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AFRICA: Aid For Trade Could Help Producers in Poor Countries

Sarah McGregor

DAR ES SALAAM, Oct 2 2007 (IPS) - Agricultural exporters in poor nations need funds and technical assistance to comply with food safety norms in order to boost their share of world trade, according to World Trade Organization (WTO) representatives.

WTO Director General Pascal Lamy said giving higher priority to the safety standards of exports could prepare the poorest nations to benefit more from the Doha development round.

He was among the delegates at the ‘‘Mobilising Aid For Trade – Focus on Africa’’ high-level conference which started yesterday in Dar Es Salaam, Tanzania. It is hosted by the WTO, the World Bank, the United Nations Economic Commission for Africa (UNECA) and the African Development Bank.

The Doha round of global trade talks started in 2001 under the auspices of the WTO and is meant to liberalize world trade in a way that will boost development in poor countries.

The negotiations have been teetering on total breakdown due to the US and the EU’s recalcitrance in scrapping the hefty subsidies being paid to their farmers. These subsidies result in overproduction and suppressed prices against which producers from the South cannot compete.

Lamy was hopeful at the conference that the negotiators were moving closer to an agreement. The main areas of debate-cutting US farm subsidies, reducing agricultural tariffs in European nations and opening up poor countries’ markets-may be resolved by the end of 2007, he said.

If that milestone is reached, it would be possible for the final deal to be concluded before the end of 2008, he said.

Regarding Aid for Trade, Lamy said it is a complement and not a substitute for new, fairer trade rules. He added that trade-related aid should not divert resources or attention from poverty reduction programmes.

Michael Roberts, secretary of the WTO&#39s standards and trade development facility, pointed out that aid is required to train farmers on safe pesticide use and disease control to prevent the potential spread of foot and mouth disease or avian flu.

‘‘If one country fails (to adhere to food safety norms), it might endanger the entire planet,’’ Roberts said.

Funds are also needed to help poor nations meet the demand from retailers for documented proof that food, animal and plant imports pose no health risk to consumers, he said.

Supermarkets are under pressure from customers to stock their shelves with food that has been imported on the basis of fair trade practices and can be certified as organic and free of genetic modification. Customers want to see labels that show the country of origin.

Increasingly, outlets are carrying products that calculate the carbon footprint: the amount of greenhouse gases emissions created while transporting the goods from the ‘‘field’’ to the grocery cart.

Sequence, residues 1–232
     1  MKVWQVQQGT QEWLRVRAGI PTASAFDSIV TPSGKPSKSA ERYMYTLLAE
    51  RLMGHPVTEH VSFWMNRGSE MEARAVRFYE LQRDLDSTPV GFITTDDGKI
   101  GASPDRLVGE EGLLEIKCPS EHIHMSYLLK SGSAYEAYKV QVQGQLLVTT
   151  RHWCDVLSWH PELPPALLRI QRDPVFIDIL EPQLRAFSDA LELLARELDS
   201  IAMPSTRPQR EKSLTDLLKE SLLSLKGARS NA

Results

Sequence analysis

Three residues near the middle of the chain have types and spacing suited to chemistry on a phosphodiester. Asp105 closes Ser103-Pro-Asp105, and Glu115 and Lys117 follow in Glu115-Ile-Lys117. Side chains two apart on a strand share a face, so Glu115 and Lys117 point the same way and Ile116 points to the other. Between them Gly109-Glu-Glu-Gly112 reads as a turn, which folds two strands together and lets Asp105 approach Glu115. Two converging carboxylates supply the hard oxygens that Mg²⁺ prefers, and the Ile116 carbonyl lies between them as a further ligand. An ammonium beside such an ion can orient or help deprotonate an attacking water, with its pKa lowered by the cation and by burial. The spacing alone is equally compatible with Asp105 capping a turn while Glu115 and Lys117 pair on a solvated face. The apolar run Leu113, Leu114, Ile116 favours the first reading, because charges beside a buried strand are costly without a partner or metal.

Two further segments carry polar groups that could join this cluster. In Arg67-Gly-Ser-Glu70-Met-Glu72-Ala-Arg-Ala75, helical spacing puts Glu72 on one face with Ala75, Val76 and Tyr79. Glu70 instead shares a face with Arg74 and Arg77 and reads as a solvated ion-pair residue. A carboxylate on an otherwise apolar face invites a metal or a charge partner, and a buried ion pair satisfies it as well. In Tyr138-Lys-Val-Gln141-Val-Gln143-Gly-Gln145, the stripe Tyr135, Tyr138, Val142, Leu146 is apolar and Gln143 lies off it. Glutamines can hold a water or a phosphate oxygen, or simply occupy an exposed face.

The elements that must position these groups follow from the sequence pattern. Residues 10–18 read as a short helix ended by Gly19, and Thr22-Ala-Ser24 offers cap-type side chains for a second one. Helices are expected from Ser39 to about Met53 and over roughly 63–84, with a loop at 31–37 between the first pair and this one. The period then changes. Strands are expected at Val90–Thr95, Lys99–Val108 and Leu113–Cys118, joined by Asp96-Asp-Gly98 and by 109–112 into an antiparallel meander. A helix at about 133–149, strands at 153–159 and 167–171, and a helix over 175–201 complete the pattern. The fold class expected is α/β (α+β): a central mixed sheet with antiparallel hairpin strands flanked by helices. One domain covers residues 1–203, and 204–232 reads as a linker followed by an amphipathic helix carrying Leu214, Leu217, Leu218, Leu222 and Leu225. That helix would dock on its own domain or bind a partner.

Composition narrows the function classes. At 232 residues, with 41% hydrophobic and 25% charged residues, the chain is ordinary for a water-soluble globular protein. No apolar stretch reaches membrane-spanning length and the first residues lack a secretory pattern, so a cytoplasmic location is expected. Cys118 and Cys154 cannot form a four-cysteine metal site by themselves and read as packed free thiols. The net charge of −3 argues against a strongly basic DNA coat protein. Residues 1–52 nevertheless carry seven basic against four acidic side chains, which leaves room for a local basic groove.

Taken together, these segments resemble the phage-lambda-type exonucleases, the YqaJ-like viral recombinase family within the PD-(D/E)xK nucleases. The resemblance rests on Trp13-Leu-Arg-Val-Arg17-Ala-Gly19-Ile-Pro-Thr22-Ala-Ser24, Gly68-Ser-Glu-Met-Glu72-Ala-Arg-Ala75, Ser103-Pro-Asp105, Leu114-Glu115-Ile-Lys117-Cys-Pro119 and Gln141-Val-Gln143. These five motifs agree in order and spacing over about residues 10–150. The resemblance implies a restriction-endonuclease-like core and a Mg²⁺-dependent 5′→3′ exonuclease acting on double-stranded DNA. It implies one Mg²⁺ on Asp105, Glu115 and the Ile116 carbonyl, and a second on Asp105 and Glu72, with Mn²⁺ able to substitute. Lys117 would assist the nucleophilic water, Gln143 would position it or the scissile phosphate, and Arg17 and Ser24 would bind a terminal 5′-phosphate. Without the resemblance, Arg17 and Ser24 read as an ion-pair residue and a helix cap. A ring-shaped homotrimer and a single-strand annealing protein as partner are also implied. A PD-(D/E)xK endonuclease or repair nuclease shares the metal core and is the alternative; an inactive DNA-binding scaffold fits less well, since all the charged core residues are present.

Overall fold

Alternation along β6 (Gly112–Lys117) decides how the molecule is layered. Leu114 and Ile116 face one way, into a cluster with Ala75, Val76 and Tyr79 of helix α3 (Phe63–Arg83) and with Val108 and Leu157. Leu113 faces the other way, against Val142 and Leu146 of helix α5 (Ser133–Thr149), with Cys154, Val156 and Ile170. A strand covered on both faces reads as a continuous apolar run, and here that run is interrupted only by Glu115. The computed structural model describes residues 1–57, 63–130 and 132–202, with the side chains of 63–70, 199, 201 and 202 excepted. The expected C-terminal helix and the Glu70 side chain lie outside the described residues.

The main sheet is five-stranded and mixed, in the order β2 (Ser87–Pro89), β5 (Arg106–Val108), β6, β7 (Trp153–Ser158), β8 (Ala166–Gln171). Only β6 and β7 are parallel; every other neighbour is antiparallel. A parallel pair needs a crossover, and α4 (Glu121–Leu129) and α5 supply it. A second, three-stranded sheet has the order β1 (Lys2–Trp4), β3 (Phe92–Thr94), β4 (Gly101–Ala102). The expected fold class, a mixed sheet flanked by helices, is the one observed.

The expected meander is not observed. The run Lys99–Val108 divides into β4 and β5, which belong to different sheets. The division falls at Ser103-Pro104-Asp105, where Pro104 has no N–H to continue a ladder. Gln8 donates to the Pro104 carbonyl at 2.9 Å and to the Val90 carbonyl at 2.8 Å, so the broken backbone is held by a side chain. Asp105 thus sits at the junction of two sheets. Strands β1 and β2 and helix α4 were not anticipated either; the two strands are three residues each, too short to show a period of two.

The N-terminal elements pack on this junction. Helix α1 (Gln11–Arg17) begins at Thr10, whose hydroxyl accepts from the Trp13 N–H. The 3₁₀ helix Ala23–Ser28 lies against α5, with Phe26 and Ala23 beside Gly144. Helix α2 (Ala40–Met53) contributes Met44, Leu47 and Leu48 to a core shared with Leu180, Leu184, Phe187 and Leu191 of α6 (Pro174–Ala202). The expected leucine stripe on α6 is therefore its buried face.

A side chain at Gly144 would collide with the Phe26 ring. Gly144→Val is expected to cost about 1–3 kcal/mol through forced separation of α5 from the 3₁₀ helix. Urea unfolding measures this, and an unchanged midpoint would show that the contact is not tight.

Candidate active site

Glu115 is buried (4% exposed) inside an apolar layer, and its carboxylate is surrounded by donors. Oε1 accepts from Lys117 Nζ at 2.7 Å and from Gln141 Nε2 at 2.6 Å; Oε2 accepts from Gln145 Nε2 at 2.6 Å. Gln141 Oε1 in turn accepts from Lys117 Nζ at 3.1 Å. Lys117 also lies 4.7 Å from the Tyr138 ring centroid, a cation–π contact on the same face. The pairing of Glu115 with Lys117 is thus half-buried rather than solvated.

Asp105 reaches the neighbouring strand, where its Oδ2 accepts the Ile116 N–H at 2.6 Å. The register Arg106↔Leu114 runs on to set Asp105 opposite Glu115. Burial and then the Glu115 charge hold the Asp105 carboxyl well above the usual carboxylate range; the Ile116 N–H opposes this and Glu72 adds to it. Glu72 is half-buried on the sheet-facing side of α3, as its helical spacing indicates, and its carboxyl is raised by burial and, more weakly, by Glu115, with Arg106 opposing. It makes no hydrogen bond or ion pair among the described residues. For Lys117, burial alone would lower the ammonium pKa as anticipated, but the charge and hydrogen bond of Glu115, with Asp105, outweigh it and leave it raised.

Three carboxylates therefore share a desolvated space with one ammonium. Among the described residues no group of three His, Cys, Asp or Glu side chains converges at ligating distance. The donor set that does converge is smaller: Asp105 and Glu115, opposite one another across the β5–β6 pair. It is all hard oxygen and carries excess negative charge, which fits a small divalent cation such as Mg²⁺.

The WTO is asking rich nations to pledge 25 million dollars over the next five years to replenish the funds of the WTO’s standards and trade development facility, which since 2002 has launched initiatives to help poor nations get familiar with food safety requirements.

The funding call is more than double the 10 million dollars spent over the previous five-year period, but still just a fraction of global official development assistance totalling 25 to 30 billion dollars annually.

‘‘For a very small amount of money you can get a very big return,’’ WTO spokesperson Keith Rockwell told IPS.

‘‘Twenty million dollars for a new road might make some people hesitate. But small projects, such as 200,000 dollars in technical assistance, can really start transforming an economy.’’

For instance, mango exports in Mali have risen 30 percent a year since 2000 as the west African nation improved its agriculture safety procedures and began keeping the fruit in cold storage, according to Rockwell.

Similar success stories were also recorded in Madagascar, an island nation in southern Africa, which has streamlined litchi fruit production and Benin, in west Africa, where fishermen were taught to safely handle fish, Rockwell argued.

In Tanzania, the challenge is to bring the majority of small-scale producers using outmoded farming techniques into the supply chain, according to Mike Chambers, secretary general of the Tanzania Horticulture Association. The association represents the flower industry which is worth 40 million dollars a year.

The overwhelming majority of the east African nation&#39s 38 million people depend on agriculture to feed themselves or earn a living. ‘‘Small growers cannot on their own become compliant in terms of the European market,’’ said Chambers.

Africa is home to about 13 percent of the world’s population but just three percent of trade. The continent has seen economic growth averaging about 5 percent over the past three years, mainly driven by surging commodities prices and demand for oil.

The term Aid for Trade describes aid from rich states that is meant to improve the ability of poor nations to sell their goods abroad. For example, the aid could be spent on building infrastructure such as roads and ports or to cut red tape that causes delays at customs.

The conference ends today.

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